Establish an independent body responsible for reviewing and updating the poverty line on a regular basis using transparent methodology developed as part of this process. After the new poverty line is developed, income support payment rates should be tied to this figure rather than other indexation methods.
Note: All existing poverty measures are flawed.8 By developing a transparent method that is better able to assess what is required to maintain a fair standard of living, we will establish a poverty line that is responsive to meaningful changes in living costs that would arise from other public investments, such as housing, health and transport. For example, significant changes in the housing market may see the poverty line reduce.
Modern slavery: Abolish Work for the Dole
The most immoral and dangerous ‘mutual’ obligations program is Work for the Dole, which exploits people’s labour without providing a path to employment while displacing real jobs. People surviving on half the poverty line are forced to work for 42 cents an hour – the value of a travel allowance that has not increased in decades. It must be abolished immediately, including any rebranded version of the program that may be introduced when jobactive transitions to Workforce Australia in July 2022.
Immediately make Work for the Dole voluntary (as was done with the Community Development Program last year) and conduct a safety audit of all participating sites.
Provide a JobSeeker supplement to people who continue in the program on a voluntary basis that ensures they receive at least the equivalent of minimum wages for their work.
In consultation with people in Work for the Dole and advocates, develop and implement a program to transition existing Work for the Dole sites out of the program and create sustainable jobs.
Existing Work for the Dole host sites should be given the option to apply for government funding to support the continuation of jobs being done by WftD participants but paid at award wages. This funding should be provided on the basis that they are sustainable jobs that could be advertised in the open market, but should be reserved for existing Work for the Dole participants. To avoid replicating problems with other wage subsidy programs, there must be a commitment that employment will continue for a minimum period beyond the life of initial funding. A pathway should also exist for host organisations to apply for additional funding or grants at that point in time. All people employed through such a program must be covered by OH&S standards, insurances, etc that apply to any other employee.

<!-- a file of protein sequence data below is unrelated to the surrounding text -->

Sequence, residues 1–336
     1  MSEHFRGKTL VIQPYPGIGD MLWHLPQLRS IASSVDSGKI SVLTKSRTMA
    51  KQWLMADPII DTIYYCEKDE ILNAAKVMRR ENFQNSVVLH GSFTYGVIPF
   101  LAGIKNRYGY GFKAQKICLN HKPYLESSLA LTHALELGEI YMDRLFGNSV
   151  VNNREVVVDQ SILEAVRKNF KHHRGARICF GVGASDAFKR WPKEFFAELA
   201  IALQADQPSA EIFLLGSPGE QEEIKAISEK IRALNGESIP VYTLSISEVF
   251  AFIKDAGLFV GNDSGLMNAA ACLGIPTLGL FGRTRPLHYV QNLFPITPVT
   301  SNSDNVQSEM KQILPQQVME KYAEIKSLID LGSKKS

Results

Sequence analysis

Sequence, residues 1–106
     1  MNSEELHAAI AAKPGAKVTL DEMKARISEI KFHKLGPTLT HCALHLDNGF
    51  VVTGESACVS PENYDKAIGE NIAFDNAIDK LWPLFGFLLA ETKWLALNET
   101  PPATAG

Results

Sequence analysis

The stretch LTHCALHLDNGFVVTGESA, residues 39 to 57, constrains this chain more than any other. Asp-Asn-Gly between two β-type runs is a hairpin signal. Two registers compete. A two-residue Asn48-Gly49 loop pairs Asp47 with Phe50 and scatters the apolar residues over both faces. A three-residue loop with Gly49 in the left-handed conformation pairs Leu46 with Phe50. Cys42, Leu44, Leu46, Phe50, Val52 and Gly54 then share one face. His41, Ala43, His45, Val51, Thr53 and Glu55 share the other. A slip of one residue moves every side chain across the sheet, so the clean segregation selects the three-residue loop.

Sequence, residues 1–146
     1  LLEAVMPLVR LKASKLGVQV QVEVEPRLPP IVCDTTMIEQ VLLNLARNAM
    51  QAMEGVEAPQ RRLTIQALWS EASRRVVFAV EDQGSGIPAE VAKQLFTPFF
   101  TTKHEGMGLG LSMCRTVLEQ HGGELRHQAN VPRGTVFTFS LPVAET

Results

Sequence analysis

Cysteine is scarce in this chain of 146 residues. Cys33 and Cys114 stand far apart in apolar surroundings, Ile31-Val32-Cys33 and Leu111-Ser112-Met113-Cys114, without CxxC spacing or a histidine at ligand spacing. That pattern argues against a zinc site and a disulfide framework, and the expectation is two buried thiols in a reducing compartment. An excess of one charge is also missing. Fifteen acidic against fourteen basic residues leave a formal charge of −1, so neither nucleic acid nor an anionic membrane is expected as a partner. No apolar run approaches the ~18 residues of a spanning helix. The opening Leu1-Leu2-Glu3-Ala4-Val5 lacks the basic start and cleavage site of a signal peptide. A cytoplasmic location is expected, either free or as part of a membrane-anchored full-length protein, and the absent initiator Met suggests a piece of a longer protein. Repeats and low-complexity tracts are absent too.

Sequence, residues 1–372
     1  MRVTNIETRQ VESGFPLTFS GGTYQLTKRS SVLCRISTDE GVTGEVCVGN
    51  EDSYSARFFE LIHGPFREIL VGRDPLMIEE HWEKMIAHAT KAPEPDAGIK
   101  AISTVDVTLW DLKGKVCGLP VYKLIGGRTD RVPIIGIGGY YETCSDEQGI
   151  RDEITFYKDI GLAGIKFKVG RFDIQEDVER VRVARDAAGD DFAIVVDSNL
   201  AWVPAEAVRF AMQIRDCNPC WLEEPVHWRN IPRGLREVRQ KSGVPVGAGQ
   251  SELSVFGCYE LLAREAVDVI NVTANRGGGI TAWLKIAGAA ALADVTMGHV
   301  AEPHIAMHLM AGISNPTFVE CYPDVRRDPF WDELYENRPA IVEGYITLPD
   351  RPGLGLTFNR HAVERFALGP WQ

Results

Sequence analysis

Existing sites that do not have meaningful work available or are unsuccessful in securing funding to pay WftD award wages may continue to provide genuine volunteering options for people on payments who enjoy and want to continue the activities they’re engaged in. All volunteers must be covered by OH&S standards, insurances, etc that apply to any person who is not in the social security system.
‘Mutual’ obligations are harmful, funnel billions of public money to poverty profiteers and have abysmal outcomes. Compulsory participation requirements do not get people into sustainable jobs. They should not exist, and our related employment services proposal provides an alternative model.
Other policy priorities
We will be making more information available for each of the items below. Check this page or our social media for updates. These will also be covered at the policy event on 4 May.
Voluntary, high quality employment services in the public sector
Protecting people through the transition from jobactive to Workforce Australia (the new employment services model)
Rental and housing assistance payments
Payment and concessions eligibility
Allowed earnings, income free area and taper rates
Income control programs
Employment, job security and labour market programs
Centrelink staffing and process improvements
Robodebt and debt collection practices
Data, transparency and measuring unemployment
Related public investments
Background and key statistics
Click here to download a more in-depth background document containing additional statistics and links to all sources for data included in this section.
There are about 950,000 people on unemployment payments (JobSeeker and Youth Allowance Other), about 1.6 million people on other working age payments and 2.5 million people on the age pension.
In April 2021 the government cut JobSeeker, the most common working age payment, down to $310 a week. It is now $321 per week or $46 a day – about half the poverty line.
More than 203,000 (21%) of people on unemployment payments are employed.